Guest More than 1 year ago
I think I was first hooked as I flipped throught the book with the line, 'Cissie Longman's mustache was positively twitching...' (I won't say the rest of the sentence, lest I spoil anything for anyone) What an opening line for a character! I had to read it, and I was perfectly satisfied. It's a great read, a great idea. You 'fall in love' with the characters. It's absolutely wonderfully good clean fun. Great for anyone who enjoys intrigue, suspense, and redemption. I can't wait for the next one.
Guest More than 1 year ago
Montmorency doesn't have much of a plot. It focuses on a released convict's plan to begin a new life of stealing. We go into his mind as he, as Montmorency, experiences the life of a gentleman, and his second life, Scrapner, continues to make his other-self rich.
mkschoen on LibraryThing More than 1 year ago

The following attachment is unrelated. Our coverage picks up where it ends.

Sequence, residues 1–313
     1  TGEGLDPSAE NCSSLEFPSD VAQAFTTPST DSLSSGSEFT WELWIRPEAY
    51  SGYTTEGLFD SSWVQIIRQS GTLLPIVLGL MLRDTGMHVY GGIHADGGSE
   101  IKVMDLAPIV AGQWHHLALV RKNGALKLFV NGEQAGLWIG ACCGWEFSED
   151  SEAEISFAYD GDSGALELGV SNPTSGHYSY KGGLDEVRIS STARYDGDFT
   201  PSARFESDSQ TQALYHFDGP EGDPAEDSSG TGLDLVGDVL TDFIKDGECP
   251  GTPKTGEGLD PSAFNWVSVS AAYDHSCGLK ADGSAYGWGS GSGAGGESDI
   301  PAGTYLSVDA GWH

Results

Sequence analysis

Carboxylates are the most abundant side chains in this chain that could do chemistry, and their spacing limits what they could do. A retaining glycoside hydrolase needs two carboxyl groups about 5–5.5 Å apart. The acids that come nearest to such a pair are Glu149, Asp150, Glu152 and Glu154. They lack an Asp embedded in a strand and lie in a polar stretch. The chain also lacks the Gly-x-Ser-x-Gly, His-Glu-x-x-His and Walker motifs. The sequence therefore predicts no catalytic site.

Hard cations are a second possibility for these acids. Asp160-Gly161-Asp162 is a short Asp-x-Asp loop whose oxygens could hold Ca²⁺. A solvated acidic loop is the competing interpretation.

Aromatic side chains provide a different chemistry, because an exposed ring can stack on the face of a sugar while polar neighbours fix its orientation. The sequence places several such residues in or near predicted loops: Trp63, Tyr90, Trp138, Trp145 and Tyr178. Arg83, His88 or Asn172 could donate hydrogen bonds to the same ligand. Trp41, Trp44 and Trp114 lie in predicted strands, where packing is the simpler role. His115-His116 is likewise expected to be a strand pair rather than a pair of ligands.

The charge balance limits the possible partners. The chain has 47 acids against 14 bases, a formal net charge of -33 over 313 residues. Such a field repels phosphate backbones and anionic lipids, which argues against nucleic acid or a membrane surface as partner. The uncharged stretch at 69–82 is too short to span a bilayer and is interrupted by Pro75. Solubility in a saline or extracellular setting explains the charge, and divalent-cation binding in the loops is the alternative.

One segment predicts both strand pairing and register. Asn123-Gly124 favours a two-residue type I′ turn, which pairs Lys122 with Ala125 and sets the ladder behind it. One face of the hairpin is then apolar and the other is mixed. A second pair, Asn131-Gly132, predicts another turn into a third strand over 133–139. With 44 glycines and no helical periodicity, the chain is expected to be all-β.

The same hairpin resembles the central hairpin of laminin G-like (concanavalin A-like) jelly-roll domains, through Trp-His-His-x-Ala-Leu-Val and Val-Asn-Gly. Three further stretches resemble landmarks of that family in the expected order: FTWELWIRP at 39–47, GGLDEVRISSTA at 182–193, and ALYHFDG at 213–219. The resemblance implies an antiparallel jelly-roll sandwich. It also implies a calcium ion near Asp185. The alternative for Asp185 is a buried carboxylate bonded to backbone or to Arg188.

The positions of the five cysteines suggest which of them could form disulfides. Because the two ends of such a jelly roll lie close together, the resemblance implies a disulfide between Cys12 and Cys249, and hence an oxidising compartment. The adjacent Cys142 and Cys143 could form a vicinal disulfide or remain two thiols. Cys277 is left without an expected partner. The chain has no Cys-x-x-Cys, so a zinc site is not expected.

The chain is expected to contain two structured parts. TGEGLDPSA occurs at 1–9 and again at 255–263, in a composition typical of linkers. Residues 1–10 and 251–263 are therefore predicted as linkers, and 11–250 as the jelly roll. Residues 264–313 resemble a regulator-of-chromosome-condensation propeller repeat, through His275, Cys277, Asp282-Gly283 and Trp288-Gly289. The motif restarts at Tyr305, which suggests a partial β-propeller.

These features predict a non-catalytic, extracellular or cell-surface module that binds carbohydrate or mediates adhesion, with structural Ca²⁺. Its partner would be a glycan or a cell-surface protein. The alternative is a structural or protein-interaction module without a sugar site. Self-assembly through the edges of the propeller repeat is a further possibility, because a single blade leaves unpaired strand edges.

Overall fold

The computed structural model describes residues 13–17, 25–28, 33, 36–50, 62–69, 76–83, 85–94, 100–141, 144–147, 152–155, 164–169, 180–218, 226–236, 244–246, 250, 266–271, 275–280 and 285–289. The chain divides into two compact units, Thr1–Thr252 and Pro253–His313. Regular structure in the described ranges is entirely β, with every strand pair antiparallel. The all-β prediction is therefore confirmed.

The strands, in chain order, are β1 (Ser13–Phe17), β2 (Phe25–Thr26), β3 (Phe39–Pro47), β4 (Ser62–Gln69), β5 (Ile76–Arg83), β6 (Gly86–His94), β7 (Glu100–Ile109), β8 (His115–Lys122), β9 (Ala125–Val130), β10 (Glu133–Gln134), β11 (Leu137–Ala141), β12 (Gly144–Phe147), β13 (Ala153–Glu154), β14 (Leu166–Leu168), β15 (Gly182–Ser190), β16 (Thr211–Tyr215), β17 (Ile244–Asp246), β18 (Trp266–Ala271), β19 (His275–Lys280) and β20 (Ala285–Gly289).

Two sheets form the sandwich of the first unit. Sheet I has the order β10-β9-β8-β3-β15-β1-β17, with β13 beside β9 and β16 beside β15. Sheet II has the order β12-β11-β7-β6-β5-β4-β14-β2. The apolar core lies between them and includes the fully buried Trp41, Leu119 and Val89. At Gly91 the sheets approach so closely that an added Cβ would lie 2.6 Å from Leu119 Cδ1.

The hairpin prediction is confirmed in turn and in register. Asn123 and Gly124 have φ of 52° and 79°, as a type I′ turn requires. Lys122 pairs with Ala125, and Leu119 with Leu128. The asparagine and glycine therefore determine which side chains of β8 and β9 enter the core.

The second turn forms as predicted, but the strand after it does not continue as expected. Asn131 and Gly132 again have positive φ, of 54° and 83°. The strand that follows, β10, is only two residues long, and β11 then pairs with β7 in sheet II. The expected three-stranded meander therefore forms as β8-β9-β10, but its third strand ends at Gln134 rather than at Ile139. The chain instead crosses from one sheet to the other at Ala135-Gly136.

Prisoner 493 is a Victorian thief, caught and imprisoned after suffering multiple injuries falling through a skylight. His injuries draw the attention of Dr. Fawcett, who puts his body back together and shows him off to members of the Scientific Society. During one of these meetings he sees detailed plans for London's new sewer system, which gives him an idea for a new criminal life. Once out of prison he uses his knowledge of the sewers as a secret passage and escape route that he can flee to after robbing elegant homes and shops. He soon begins leading a double life: Scarper the thief, who lives in a hovel in Covent Garden and performs the thefts, and Montmorency, a gentleman staying at the Marimion Hotel.The story starts off grimly, detailing his injuries and the grueling prison life. The pace wanes in the middle as the lead character establishes his double life. And the last bit feels very akin to a later Christie, where Poirot is called in to help the Queen out of a tight spot (all must remain secret of course). The setting, plot and style also reminded me of Arsene Lupin, Poe, Raffles and Sherlock Homes.But as a YA novel there are some interesting bits - the essential question of identity - which man is he really? The character thinks of himself as two men, Scarper and Montmorency (though interestingly neither is his real name, and we never learn anything about his life before prison.) Would be an excellent pairing with Dr. Jekyll and Mr. Hyde. Also - there are no young adult characters (other than the minor character of Vi, a budding prostitute and the daughter of his Covent Garden landlady.) What to Read Next - It could be an excellent transition into some of the books mentioned above, or Dickens as well, with the Victorian setting.